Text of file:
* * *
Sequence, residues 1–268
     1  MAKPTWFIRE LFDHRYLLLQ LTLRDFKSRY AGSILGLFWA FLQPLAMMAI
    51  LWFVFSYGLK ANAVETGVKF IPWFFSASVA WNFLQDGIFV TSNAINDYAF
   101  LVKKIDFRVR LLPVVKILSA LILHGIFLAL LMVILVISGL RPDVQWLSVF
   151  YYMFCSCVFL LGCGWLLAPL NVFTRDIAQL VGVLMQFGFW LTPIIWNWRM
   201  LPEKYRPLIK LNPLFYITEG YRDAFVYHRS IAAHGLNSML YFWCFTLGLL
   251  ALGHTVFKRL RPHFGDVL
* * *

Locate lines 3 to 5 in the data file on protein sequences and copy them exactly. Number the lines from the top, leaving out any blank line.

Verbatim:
    51  LWFVFSYGLK ANAVETGVKF IPWFFSASVA WNFLQDGIFV TSNAINDYAF
   101  LVKKIDFRVR LLPVVKILSA LILHGIFLAL LMVILVISGL RPDVQWLSVF
   151  YYMFCSCVFL LGCGWLLAPL NVFTRDIAQL VGVLMQFGFW LTPIIWNWRM